iRUN: Talk to me about how it works, being someone who likes a drink, but also likes to run. LUND: Well, hopefully one pays for the other. iRUN: Why do you run? LUND: It’s something that keeps me mentally sane. It’s good for my physical health, too. iRUN: How does it make you feel?

LUND: It’s a headspace I can’t find anywhere else and helps me solve problems, both artistically and sometimes thorny business challenges and life problems. I used to run with music and podcasts but I stopped, I like to clear my mind. iRUN: Does it work? LUND: Sometimes. Sometimes it does. Sometimes the answers to my problems become clear.

iRun for the positive atmosphere that runners have. — Ken De Eli, via Facebook

iRUN: How’d you get started? LUND: Years ago. You get into your mid-30s and can’t go to McDonald’s and expect it to melt off like when you’re 22. It was probably 15 years ago and it comes in waves. I can go a couple of months and leave it alone but then I come back to it slowly. By now, I’ve accumulated the gear. iRUN: You run through the winter? LUND: I go out in blizzards, the real cold and ice. Living in Alberta, I don’t care. iRUN: Do you prefer winter running? LUND: It makes you feel badass but when spring comes and you put on shorts and a t-shirt, it’s awesome.

iRUN: You should think of doing the half marathon this year in Calgary. LUND: Maybe I should. I’ve definitely noticed when there’s people around and all that energy, you discover the mental game. Like suddenly my legs don’t hurt and I’m not tired. iRUN: Could be good motivation to get you trained. LUND: Sometimes I get a burst of energy and feel like I’m flying, but it’s not on purpose. Every time I get stressed out and uptight, it’s all the motivation I need to go run. iRUN: Where’s the best place you’ve run? LUND: I have a 5K route out at Ian’s place. I stay up there some place and there’s a gravel road up there, about 2.5K, and he’s got a song called This is My Sky that talks about walking up that road. It leads to the stone cabin where he writes—when you run on that path, it does a little something to your soul. Corb Lund plays Medicine Hat on July 25. For more news and tour dates, see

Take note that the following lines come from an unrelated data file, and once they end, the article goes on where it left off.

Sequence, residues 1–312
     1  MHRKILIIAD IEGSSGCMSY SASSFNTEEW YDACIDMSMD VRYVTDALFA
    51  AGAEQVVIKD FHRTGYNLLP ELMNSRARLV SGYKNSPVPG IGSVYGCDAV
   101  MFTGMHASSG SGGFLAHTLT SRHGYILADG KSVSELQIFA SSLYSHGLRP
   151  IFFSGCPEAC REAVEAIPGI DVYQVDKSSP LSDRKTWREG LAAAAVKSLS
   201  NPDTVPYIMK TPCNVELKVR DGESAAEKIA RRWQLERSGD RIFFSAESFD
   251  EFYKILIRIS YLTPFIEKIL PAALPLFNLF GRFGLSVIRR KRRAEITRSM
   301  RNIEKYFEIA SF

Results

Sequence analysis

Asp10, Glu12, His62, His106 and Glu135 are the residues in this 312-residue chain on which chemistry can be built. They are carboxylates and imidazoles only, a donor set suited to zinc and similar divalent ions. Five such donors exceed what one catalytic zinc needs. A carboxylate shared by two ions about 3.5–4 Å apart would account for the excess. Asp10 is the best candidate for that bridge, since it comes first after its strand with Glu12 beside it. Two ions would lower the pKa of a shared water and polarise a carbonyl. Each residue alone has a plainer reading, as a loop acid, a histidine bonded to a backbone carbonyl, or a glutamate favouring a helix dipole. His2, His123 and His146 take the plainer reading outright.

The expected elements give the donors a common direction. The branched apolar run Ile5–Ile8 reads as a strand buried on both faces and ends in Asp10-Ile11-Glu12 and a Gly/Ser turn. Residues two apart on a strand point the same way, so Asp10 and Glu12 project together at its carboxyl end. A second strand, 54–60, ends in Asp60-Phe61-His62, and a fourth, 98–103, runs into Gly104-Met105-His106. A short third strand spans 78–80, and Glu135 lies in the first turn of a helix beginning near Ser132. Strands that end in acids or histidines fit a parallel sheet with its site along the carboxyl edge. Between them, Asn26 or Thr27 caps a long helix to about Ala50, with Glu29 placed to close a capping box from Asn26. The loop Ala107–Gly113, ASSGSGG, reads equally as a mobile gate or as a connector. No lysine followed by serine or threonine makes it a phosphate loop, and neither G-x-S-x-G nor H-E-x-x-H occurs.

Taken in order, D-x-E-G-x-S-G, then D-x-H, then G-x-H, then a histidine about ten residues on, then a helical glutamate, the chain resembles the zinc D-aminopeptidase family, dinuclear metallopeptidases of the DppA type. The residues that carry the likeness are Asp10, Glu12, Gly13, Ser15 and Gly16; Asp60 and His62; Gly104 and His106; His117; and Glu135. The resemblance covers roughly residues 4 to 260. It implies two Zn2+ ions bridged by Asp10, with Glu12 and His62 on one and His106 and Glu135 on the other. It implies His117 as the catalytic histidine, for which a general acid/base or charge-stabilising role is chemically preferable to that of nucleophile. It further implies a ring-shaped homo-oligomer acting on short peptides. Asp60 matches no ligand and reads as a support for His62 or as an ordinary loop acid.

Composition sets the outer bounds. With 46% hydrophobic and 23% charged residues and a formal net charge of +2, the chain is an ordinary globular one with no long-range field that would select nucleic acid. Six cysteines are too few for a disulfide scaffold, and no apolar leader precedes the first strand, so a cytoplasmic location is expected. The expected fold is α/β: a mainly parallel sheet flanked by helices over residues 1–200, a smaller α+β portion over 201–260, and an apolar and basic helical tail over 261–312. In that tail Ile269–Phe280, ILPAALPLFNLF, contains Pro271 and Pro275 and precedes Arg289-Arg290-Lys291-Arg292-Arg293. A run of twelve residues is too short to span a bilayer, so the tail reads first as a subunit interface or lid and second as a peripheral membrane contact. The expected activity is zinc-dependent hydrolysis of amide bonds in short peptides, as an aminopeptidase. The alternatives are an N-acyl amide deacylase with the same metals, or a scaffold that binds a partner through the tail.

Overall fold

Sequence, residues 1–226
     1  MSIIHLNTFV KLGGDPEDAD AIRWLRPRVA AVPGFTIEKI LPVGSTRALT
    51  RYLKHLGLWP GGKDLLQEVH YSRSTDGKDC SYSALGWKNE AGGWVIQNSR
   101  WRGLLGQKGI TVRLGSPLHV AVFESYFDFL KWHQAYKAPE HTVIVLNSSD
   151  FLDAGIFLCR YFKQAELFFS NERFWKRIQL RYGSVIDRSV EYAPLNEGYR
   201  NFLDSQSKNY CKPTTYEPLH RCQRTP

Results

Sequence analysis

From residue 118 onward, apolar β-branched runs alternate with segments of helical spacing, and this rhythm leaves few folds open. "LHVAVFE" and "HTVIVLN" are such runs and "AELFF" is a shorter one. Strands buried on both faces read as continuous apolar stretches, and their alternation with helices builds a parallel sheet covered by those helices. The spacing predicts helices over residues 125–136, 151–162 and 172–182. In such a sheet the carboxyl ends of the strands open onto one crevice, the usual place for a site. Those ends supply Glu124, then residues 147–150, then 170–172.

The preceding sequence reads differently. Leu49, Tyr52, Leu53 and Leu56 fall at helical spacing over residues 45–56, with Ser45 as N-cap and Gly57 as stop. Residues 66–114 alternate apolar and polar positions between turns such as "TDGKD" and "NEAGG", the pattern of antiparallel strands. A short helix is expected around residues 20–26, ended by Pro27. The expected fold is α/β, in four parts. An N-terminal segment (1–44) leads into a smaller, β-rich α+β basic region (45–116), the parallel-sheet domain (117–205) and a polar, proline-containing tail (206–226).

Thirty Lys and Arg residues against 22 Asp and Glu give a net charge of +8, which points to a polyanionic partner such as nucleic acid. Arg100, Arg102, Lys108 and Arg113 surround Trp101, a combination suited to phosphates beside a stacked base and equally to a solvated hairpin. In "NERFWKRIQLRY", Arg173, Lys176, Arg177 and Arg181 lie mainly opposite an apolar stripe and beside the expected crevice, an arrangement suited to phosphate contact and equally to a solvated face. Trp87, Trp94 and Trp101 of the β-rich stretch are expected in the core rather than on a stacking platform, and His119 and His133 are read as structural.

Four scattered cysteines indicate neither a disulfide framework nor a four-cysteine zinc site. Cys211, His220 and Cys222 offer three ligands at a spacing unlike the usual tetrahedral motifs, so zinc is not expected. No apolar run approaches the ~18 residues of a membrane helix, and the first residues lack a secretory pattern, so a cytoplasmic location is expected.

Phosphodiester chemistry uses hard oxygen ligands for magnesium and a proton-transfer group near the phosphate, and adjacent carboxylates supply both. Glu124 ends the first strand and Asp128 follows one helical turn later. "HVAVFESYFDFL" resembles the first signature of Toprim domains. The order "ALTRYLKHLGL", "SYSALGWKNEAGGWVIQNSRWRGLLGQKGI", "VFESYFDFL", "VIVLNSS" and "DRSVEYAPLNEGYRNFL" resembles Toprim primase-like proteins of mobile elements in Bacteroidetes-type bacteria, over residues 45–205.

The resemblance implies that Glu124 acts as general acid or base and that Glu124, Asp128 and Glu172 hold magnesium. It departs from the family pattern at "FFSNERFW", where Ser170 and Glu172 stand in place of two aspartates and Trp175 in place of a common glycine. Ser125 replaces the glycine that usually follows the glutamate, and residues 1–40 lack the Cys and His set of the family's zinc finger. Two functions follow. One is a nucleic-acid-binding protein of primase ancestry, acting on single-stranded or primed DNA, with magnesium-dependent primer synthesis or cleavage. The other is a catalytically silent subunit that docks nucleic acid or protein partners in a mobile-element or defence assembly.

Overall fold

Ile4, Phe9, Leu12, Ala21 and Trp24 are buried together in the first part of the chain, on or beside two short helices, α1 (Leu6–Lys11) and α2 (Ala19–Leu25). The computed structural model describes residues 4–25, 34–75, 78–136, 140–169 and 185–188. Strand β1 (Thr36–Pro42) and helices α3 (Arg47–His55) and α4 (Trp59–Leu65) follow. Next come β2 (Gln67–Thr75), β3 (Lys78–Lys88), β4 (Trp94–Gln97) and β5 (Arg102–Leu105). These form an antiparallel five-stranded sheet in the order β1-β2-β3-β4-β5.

RACE FACE: Stanton is a familiar figure at Race Expos across the country, signing books, leading fun runs and offering specific race advice.

The courage to toe the start line

Running Room founder John Stanton on the spirit uniting our great country of runners